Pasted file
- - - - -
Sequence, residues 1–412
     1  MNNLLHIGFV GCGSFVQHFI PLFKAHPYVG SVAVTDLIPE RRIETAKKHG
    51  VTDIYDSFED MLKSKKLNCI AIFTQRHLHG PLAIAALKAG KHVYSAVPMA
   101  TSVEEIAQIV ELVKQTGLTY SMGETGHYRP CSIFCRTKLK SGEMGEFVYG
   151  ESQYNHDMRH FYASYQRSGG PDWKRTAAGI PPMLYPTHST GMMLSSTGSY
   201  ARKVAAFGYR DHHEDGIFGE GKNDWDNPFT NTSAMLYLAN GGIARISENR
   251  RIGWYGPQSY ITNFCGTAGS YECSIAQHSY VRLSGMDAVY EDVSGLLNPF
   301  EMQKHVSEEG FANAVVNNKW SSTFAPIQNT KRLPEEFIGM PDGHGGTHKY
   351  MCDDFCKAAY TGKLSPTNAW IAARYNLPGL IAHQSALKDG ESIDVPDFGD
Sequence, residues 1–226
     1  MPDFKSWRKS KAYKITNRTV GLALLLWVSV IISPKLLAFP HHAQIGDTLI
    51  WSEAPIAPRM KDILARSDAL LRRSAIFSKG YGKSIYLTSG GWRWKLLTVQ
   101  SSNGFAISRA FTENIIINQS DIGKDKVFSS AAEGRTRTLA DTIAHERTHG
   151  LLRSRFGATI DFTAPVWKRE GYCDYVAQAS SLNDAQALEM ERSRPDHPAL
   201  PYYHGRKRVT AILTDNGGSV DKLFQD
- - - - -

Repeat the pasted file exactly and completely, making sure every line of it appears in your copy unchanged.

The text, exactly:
Sequence, residues 1–412
     1  MNNLLHIGFV GCGSFVQHFI PLFKAHPYVG SVAVTDLIPE RRIETAKKHG
    51  VTDIYDSFED MLKSKKLNCI AIFTQRHLHG PLAIAALKAG KHVYSAVPMA
   101  TSVEEIAQIV ELVKQTGLTY SMGETGHYRP CSIFCRTKLK SGEMGEFVYG
   151  ESQYNHDMRH FYASYQRSGG PDWKRTAAGI PPMLYPTHST GMMLSSTGSY
   201  ARKVAAFGYR DHHEDGIFGE GKNDWDNPFT NTSAMLYLAN GGIARISENR
   251  RIGWYGPQSY ITNFCGTAGS YECSIAQHSY VRLSGMDAVY EDVSGLLNPF
   301  EMQKHVSEEG FANAVVNNKW SSTFAPIQNT KRLPEEFIGM PDGHGGTHKY
   351  MCDDFCKAAY TGKLSPTNAW IAARYNLPGL IAHQSALKDG ESIDVPDFGD
Sequence, residues 1–226
     1  MPDFKSWRKS KAYKITNRTV GLALLLWVSV IISPKLLAFP HHAQIGDTLI
    51  WSEAPIAPRM KDILARSDAL LRRSAIFSKG YGKSIYLTSG GWRWKLLTVQ
   101  SSNGFAISRA FTENIIINQS DIGKDKVFSS AAEGRTRTLA DTIAHERTHG
   151  LLRSRFGATI DFTAPVWKRE GYCDYVAQAS SLNDAQALEM ERSRPDHPAL
   201  PYYHGRKRVT AILTDNGGSV DKLFQD